First AWD commissioned

First AWD commissioned

NUSHIP Hobart sails towards Sydney Harbour as she prepares to berth at Fleet Base East, Sydney for the very first time. Image via Commonwealth of Australia, Department of Defence.

The Royal Australian Navy (RAN) marked a momentous occasion on Saturday, with the commissioning of its first Air Warfare Destroyer in the presence of dignitaries, the Prime Minister, Minister for Defence and Minister for Defence Industry.

HMAS Hobart is the first of three Hobart Class guided missile destroyers and the third ship to carry the name. The Hobart Class destroyers are currently the most capable surface combatants Australia has ever owned and operated, and will provide air defence for accompanying ships, in addition to land forces and infrastructure in coastal areas, and for self-protection against missiles and aircraft.

The formal ceremony, which took place at Sydney's Garden Island, included the breaking of the commissioning pennant and hoisting of the Australian White Ensign for the first time, at which point the vessel officially became the responsibility of the Commanding Officer Captain John Stavridis.

Along with Prime Minister Malcolm Turnbull, Defence Minister Marise Payne and Defence Industry Minister Christopher Pyne, the ceremony was attended by the Governor of NSW, Chief of Defence Force, Secretary of the Department of Defence, Chief of Navy and the Commander Australian Fleet.

The three AWD’s (Hobart, Brisbane and Sydney) are being built and integrated by the Air Warfare Destroyer Alliance, which comprises the Department of Defence, Raytheon Australia, ASC and support from Navantia, the designer of the ships.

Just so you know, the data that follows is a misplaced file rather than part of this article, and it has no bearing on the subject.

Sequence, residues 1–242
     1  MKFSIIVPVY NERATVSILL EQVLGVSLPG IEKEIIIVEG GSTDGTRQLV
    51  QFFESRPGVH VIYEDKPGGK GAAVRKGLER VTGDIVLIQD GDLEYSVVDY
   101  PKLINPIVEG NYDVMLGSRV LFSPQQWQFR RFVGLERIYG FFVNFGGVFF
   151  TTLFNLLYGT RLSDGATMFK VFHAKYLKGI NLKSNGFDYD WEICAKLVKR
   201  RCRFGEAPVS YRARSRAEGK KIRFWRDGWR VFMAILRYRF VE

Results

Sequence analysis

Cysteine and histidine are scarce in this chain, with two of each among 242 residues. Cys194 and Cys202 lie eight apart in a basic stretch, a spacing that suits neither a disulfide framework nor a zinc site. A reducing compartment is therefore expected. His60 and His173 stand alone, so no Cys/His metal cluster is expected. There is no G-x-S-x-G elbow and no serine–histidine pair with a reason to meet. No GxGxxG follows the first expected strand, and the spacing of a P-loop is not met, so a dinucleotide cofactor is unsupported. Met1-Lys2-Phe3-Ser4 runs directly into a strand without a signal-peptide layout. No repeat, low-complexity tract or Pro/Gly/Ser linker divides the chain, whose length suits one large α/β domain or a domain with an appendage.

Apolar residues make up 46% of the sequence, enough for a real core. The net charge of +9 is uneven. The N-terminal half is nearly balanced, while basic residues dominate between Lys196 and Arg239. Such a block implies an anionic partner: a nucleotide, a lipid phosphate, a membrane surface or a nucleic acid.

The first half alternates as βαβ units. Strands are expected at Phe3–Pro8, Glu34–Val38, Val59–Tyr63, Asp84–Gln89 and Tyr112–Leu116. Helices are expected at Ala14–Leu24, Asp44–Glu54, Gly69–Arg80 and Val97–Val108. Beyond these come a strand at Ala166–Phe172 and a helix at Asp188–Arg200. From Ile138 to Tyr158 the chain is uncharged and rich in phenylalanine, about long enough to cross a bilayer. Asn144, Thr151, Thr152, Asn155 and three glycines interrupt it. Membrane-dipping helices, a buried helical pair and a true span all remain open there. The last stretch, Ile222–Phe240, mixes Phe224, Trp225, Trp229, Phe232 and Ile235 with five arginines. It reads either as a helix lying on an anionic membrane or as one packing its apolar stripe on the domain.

Over 5,000 Australians have helped construct all three AWD's over the last decade, while also creating a new combat and support system to meet the unique needs of the ADF.

Raytheon Australia told Defence Connect in delivering the combat system for the AWD, the company has accrued more than 10 million hours of combat system integration, architecture, development and testing – a first for the Australian defence industry. 

Raytheon Australia is responsible for the integration of 10 major sub-systems, including the Aegis Weapon System, and associated delivery of more than 3,500 major pieces of combat system equipment required to establish the warfighting capability of the AWD. 

After Hobart's provisional acceptance earlier this yearLockheed Martin Australia congratulated Defence for receiving its first Aegis-equipped ship.

The handover of Hobart to the Department of Defence marks a significant milestone for Australia, officially joining the Lockheed Martin global Aegis fleet alongside Japan, Spain, Norway, the Republic of Korea and the US.

 

First AWD commissioned
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